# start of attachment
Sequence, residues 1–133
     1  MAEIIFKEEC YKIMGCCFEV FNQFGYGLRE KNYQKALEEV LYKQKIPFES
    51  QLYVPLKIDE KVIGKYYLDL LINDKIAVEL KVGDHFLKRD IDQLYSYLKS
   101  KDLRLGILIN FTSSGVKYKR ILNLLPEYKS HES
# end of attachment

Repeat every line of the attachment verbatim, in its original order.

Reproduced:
Sequence, residues 1–133
     1  MAEIIFKEEC YKIMGCCFEV FNQFGYGLRE KNYQKALEEV LYKQKIPFES
    51  QLYVPLKIDE KVIGKYYLDL LINDKIAVEL KVGDHFLKRD IDQLYSYLKS
   101  KDLRLGILIN FTSSGVKYKR ILNLLPEYKS HES